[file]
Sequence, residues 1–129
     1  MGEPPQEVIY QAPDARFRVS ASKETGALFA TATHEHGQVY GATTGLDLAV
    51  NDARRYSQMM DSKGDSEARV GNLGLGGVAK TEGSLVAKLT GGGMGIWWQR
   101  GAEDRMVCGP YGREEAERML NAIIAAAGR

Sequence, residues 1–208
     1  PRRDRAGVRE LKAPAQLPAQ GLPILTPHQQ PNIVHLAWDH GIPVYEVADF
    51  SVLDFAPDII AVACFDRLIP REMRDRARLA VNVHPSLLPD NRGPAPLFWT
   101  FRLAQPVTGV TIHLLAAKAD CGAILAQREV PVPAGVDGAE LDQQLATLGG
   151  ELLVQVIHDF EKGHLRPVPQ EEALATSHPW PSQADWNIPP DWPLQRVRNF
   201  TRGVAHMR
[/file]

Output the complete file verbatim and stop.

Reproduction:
Sequence, residues 1–129
     1  MGEPPQEVIY QAPDARFRVS ASKETGALFA TATHEHGQVY GATTGLDLAV
    51  NDARRYSQMM DSKGDSEARV GNLGLGGVAK TEGSLVAKLT GGGMGIWWQR
   101  GAEDRMVCGP YGREEAERML NAIIAAAGR

Sequence, residues 1–208
     1  PRRDRAGVRE LKAPAQLPAQ GLPILTPHQQ PNIVHLAWDH GIPVYEVADF
    51  SVLDFAPDII AVACFDRLIP REMRDRARLA VNVHPSLLPD NRGPAPLFWT
   101  FRLAQPVTGV TIHLLAAKAD CGAILAQREV PVPAGVDGAE LDQQLATLGG
   151  ELLVQVIHDF EKGHLRPVPQ EEALATSHPW PSQADWNIPP DWPLQRVRNF
   201  TRGVAHMR